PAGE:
As British Columbians cope with the second wave of COVID-19, front-line medical staff chronicle their experiences during a long winter, with the hope and challenge of a vaccine having arrived.
The journal entries that follow recount their observations through November and December.
The diarists Dr. Jeevyn Chahal, family physician in Kamloops Jayne Hamilton, advanced care paramedic, Metro Vancouver Dr. Tiffany Lee, locum critical-care physician, Surrey Dr. Cyrus McEachern, consultant anesthesiologist, Vancouver Acute Department of Anesthesiology, Vancouver General Hospital and UBC Hospital Rachel Mrdeza, emergency-trained registered nurse, St. Paul’s Hospital, Vancouver Dr. Steve Reynolds, specialist in infectious diseases, internal medicine and critical care; ICU physician and site medical director at the Royal Columbian Hospital in New Westminster Shane Sander, primary care paramedic, Surrey Previous instalments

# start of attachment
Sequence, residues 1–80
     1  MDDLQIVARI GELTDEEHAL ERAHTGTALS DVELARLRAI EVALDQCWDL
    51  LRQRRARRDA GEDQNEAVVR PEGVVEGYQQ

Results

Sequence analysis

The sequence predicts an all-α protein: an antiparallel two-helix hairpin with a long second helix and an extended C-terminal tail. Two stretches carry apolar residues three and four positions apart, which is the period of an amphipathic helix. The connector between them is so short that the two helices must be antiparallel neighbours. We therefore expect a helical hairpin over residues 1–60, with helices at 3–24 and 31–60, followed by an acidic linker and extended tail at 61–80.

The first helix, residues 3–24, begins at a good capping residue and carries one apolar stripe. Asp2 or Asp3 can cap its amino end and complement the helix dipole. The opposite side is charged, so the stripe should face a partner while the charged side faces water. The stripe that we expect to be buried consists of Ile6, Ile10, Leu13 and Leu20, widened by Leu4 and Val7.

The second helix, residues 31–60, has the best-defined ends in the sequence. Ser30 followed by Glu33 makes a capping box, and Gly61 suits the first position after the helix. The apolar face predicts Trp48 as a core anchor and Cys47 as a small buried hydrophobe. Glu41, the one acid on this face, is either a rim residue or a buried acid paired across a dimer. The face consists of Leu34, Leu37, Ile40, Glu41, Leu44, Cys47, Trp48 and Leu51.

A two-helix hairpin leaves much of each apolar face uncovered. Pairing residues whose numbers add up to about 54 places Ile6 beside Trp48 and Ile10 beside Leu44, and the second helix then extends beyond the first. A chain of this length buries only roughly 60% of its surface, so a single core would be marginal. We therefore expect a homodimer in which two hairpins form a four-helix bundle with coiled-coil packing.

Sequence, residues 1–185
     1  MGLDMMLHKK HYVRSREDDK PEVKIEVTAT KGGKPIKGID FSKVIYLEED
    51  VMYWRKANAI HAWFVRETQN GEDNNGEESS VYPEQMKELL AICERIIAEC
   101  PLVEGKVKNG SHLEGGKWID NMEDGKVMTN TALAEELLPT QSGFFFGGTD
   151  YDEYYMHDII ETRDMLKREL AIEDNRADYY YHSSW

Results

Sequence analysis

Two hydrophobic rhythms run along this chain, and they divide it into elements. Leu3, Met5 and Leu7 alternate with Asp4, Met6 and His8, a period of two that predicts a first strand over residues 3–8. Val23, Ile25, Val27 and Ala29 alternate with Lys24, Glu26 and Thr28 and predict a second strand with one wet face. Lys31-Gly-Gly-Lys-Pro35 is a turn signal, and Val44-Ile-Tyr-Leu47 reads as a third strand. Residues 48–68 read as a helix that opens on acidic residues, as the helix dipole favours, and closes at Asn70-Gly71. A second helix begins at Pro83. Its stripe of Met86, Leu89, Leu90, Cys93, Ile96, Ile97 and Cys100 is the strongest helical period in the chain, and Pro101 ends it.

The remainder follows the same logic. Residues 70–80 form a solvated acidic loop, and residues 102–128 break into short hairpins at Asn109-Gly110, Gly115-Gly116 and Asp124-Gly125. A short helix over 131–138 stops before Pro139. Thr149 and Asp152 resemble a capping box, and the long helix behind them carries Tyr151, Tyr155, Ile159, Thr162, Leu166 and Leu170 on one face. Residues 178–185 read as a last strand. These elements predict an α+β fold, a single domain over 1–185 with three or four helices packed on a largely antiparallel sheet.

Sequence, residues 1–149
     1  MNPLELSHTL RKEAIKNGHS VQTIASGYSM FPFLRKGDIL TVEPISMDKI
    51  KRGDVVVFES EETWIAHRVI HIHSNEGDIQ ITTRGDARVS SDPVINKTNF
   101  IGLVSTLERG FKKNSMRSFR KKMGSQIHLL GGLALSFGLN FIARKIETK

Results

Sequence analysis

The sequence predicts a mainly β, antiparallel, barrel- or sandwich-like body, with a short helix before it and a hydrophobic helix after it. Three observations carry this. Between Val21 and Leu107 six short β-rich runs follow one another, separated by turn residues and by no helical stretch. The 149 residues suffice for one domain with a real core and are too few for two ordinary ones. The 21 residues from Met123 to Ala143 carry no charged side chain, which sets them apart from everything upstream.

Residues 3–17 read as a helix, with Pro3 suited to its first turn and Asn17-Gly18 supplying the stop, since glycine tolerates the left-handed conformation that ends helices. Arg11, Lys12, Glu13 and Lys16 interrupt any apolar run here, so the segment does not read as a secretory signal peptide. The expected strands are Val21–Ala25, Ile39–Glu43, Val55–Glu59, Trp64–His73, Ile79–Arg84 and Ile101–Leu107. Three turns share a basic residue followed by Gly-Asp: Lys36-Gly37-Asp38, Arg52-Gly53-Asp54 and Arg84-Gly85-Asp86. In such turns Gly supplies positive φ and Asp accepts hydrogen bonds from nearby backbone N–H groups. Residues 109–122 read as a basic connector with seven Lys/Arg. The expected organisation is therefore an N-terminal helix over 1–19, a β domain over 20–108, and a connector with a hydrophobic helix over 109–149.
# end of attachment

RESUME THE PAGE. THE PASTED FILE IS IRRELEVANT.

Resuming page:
From April: Seven weeks of COVID-19, as seen by six health professionals
From July: B.C.’s lockdown is relaxing, but front-line health workers aren’t
The diaries Dr. Tiffany Lee, Nov. 13
I spend the afternoon meeting ICU patients’ visitors. Just as I thought the day was going to come to a smooth conclusion, the team gets called to intubate a COVID-positive patient on the ward – now. We are in second-wave mode now, moving with resigned efficiency, an entourage of respiratory therapists, nurses and so many carts on wheels. I put my trust completely in this team I met only a day ago, and we implicitly know that “we’re in it together.”
An hour later, with a breathing tube, blood-pressure monitoring line in the wrist and drips going in a large IV in the neck, the patient is calm and stable. I pick up the phone to arrange transport to an ICU that accepts COVID-positive patients.
Dr. Lee, Nov. 14
I’m with the social worker who has arranged a phone conference with multiple family members on the line. They have questions. They tell me no doctor has spoken to them all week.
My intensivist brain reflects on what happens when we put a frail, sick-even-before-COVID person on a ventilator in the ICU. The weeks spent alone on a ventilator. The poor likelihood of surviving to leave hospital, let alone having functional independence. The burden of suffering.
My palliative-care brain reminds me to hold space for grief, hope and spirituality. To understand that dignified end-of-life care starts with decisions made long before the moment of death.